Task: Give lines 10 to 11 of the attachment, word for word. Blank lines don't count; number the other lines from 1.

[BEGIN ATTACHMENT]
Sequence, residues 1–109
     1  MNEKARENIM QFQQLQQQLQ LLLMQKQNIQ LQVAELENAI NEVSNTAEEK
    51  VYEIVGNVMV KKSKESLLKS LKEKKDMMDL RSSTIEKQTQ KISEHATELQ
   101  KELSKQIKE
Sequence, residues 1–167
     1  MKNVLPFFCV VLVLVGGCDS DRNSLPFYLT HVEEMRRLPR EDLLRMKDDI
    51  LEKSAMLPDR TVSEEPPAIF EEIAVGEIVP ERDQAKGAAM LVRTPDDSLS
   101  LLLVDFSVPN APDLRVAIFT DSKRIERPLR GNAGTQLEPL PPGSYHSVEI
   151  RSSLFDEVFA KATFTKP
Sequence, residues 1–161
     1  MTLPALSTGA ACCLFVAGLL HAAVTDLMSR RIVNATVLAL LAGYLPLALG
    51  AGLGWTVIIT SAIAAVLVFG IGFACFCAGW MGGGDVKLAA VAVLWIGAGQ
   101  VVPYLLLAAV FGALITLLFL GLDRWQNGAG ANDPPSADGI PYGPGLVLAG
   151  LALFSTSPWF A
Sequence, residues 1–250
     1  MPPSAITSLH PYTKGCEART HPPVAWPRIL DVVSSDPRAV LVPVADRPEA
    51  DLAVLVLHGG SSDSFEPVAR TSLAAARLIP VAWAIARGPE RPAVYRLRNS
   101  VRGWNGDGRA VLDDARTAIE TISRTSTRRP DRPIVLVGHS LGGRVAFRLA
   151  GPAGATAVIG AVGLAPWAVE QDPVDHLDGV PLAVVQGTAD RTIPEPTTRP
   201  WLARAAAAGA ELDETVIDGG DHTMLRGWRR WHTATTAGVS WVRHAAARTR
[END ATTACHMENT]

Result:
Sequence, residues 1–161
     1  MTLPALSTGA ACCLFVAGLL HAAVTDLMSR RIVNATVLAL LAGYLPLALG